The Basilica of St John is a 6th century ruin built at the base of Ayasuluk Hill in Izmir province, Turkey. The site was chosen as it was believed to be the burial place of the Apostle John and had been a place of worship since the early days of Christianity. It was built under the direction of Justinian I also known as Justinian the Great who was Eastern Roman Emperor from 527 to 565AD and replaced an earlier 2nd century church. In the second half of the first century there was rampant persecution and execution of early Christians, and according to tradition John took the Mother Mary to Ephesus, where she lived out her days, however he was exiled to the Isle of Patmos by the Emperor Domitian where he wrote the Book of Revelation. Later John was pardoned by the Emperor Nerva and returned to Ephesus. The 6th century Roman historian Procopius wrote, “There chanced to be a certain place before the city of Ephesus, lying on a steep slope hilly and bare of soil and incapable of producing crops, even should one attempt to cultivate them, but altogether hard and rough. On that site the natives had set up a church in early times to the Apostle John; this Apostle has been named “the Theologian,” because the nature of God was described by him in a manner beyond the unaided power of man. This church, which was small and in a ruined condition because of its great age, the Emperor Justinian tore down to the ground and replaced by a church so large and beautiful, that, to speak briefly, it resembles very closely in all respects, and is a rival to, the shrine which is dedicated to all the Apostles in the imperial city”
The Basilica was modelled after the now lost Church of the Holy Apostles in Constantinople and was built in the shape of a cross with six domes. The tomb of St John sat under the central dome and was a site of pilgrimage due to it lying on the route to the Holy Land. An old story says that when the Saint’s tomb was opened by Emperor Constantine no relics were found and it was said that this was due to the saints assumption into heaven. A second account claimed that John was sleeping beneath the tombs and his breathing caused a fine ash, called manna, to form on the tomb. On Saint Johns feast day, May 8th, pilgrims gathered to collect the holy manna from the tomb. A 14th century mercenary Ramon Muntaner wrote that he witnessed the ash bubbling up over the tomb, and that the ash could cure fevers and gallstones, could calm a storm if tossed into the sea, and induce birth in a woman when consumed with wine!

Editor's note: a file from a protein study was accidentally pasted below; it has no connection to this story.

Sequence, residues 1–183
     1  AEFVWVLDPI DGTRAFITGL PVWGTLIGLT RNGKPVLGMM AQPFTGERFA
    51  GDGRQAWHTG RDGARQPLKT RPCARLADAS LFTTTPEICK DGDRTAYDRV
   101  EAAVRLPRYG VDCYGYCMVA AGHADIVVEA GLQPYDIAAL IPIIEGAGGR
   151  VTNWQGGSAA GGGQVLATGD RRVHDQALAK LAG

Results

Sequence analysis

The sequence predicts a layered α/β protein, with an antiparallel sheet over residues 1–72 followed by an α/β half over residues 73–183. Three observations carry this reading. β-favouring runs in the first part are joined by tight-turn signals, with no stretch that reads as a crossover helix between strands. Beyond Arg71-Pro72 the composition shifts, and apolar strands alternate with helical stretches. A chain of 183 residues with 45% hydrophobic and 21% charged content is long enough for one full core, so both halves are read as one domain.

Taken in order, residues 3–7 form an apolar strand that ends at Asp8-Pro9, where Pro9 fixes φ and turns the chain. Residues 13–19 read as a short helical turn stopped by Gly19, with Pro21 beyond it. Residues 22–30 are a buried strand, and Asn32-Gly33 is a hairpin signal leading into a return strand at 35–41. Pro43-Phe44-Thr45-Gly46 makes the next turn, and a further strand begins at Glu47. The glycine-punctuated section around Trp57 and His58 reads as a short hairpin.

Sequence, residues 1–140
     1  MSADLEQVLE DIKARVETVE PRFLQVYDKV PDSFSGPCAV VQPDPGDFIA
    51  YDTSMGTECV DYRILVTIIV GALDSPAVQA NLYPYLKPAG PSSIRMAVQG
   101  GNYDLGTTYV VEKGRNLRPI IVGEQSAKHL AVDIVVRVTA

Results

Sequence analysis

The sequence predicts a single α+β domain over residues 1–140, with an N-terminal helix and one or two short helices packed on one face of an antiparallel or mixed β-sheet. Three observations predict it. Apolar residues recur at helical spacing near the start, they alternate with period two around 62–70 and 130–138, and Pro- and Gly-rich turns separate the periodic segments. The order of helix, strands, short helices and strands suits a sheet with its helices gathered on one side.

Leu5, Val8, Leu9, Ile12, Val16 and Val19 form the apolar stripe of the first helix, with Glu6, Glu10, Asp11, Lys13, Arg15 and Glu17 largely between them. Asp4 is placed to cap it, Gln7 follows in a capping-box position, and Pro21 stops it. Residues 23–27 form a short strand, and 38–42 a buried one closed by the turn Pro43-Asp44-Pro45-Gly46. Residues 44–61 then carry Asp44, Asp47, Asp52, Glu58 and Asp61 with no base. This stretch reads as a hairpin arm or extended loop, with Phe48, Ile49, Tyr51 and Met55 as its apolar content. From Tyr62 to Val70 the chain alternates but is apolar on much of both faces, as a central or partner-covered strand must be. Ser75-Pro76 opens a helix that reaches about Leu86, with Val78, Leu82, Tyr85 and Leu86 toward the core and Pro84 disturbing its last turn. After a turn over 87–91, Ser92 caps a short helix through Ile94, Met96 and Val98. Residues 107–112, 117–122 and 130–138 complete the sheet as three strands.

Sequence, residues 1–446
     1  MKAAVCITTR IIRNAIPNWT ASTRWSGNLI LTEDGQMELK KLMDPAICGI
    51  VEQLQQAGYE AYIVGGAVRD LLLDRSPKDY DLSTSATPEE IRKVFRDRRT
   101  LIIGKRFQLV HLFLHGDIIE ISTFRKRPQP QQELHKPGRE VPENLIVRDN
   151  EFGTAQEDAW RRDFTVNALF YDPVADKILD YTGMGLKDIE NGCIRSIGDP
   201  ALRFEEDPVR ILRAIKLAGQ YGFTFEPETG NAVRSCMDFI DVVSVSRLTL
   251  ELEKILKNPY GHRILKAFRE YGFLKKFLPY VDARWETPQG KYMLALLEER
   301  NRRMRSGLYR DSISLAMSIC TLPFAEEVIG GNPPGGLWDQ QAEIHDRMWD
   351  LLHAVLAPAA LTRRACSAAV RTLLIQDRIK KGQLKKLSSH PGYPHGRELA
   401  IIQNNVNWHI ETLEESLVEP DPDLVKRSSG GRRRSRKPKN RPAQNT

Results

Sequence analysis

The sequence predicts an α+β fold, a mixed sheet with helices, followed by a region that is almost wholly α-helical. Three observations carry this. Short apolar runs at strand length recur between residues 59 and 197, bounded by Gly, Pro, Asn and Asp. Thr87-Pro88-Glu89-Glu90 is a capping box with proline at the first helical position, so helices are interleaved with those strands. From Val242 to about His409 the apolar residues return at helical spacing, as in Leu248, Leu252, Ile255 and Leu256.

The Basilica is said to have been home to a relic of the True Cross which was worn by John, also he Basilica was believed to have housed the original manuscript of the Book of Revelation. In the 7th and 8th centuries massive walls were constructed around the basilica to protect from Arabian attacks. In the 9th century it appears the basilica fell in popularity but its lost to time the reason for this. In the 14th century the chapel was used as a mosque by the Turks but during the same century the Basilica became unsafe due to earthquakes.
A visit to the Basilica of St. John is highly recommended, and as it stands at the base of Selcuk Fortress it can make for a very nice excursion from the city of Kusadasi.
GPS: 37.95229, 27.36809